Cecilia is appalled by the revelation and wanders into the empty milking sheds. She finds a stray calf, which sucks her fingers. On returning it to the barn, she finds several other animals in pens and bursts into tears, as another calf comes over to nuzzle her. As she heads towards the river, Magdalena and Tómas set off on her bike. They pass Bernardo on the road and he looks back in surprise.

Remembering seeing her mother speeding along the jetty all those years ago, Cecilia sees a cow in the river and wades in to rescue it. The animal reaches the bank of its own accord, but Cecilia is pulled under the water. She meets Magdalena, who smiles and touches her face. Suddenly, they're on the bank, with mother leaning over daughter. But, when she looks again, Cecilia realises it's Tomás looking down on her and she nods her acceptance of their identity and they embrace. At that moment, bees swarm in the sky above them and Felicia welcomes them back into their hive. All seems well, as Cecilia passes a cow on the sand and strides off towards the light.

The plights of Mothers Earth and Nature are laid bare in this deeply moving, if occasionally gnomic magic realist saga. Yet, while maternal suffering is a recurring theme,

Alegría and co-writers Fernanda Urrejole and Manuela Infante want viewers to stop dwelling on the past and focus on the fight to ensure there will be a future. Humanity has abused the planet and its resources, but it's not too late to commit to change. But this optimism is rooted in a sadness for all the pain that has been endured in so many aspects of existence.

Indeed, in trying to be so inclusive, Alegría crams too many issues into a slender storyline, with the result that a number are only paid lip-service in what feels an increasingly confused final third. Throughout, however, the picture retains a dignity and integrity that make the scenes with the singing cows and the consoling calves all the more poignant. Special credit should be given to those who trained Leonor and the other cattle, although their personalities also owe much to Inti Briones's sensitive photography and Andrea Chignoli and Carlos Ruiz-Tagle's deft editing. Production designer Bernardita Baeza and composer Pierre Desprats also merit mention.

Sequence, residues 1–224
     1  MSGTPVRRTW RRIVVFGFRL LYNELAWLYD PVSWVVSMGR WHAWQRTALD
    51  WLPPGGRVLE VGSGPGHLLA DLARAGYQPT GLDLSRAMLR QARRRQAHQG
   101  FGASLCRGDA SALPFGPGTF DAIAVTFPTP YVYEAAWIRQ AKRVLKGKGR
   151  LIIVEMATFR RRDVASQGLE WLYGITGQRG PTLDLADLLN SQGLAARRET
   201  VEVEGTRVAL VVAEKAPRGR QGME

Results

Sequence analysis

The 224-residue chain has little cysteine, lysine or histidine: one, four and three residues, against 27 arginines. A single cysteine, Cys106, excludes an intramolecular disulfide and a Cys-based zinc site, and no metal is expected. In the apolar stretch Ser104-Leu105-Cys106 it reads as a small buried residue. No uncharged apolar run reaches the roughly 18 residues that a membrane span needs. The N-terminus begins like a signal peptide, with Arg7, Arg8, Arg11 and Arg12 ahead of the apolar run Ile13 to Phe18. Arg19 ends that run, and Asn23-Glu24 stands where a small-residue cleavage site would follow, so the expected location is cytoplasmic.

The acting is also commendable, with Mia Maestro making Magdalena as inquisitive as she is melancholic, while Alfredo Castro slips between machismo and vulnerability with a subtlety that makes Enrique as pitiable as he is detestable. Leonor Varela excels as Cecilia's hauteur touchingly crumbles in the cowshed, but the subplot about Tomás's identity feels shoehorned, in spite of an adroit display by non-binary actor-singer, Enzo Ferrada. Nevertheless, this is a striking debut and one can only hope that Alegría's subsequent work is of a commensurate standard and escapes the confines of the festival circuit.


British arthouse audiences haven't seen enough of Spanish director Rodrigo Sorogoyen. Previous outings Stockholm (2013), May God Save Us (2016), The Realm (2018), and Madre (2019) have been showered with Goya nominations. But we finally get a chance to see The Beasts, a seething, xenophobic thriller that was inspired by the same 2010 tragedy involving a Dutch couple in Galicia was examined by Andrew Becker and Daniel Mehrer in the 2016 documentary, Santoalla.

Antoine (Denis Ménochet) and Olga Denis (Marina Foïs) have moved from France to Galicia to start a market garden. Although most people have come to accept them, Xan (Luis Zahera) despises them and nicknames Antoine, `Frenchy', at the bar where the locals farmers gather to play dominoes. He tends the wild horses that roam the forest, with his younger brother, Lorenzo (Diego Anido). Everyone knows Xan is an argumentative hothead, but Lorenzo is slow-witted (after a childhood accident) and backs his sibling to the hilt. So, when he spots that Antoine's truck has broken down on a remote road, he refuses to give him a lift to fetch help.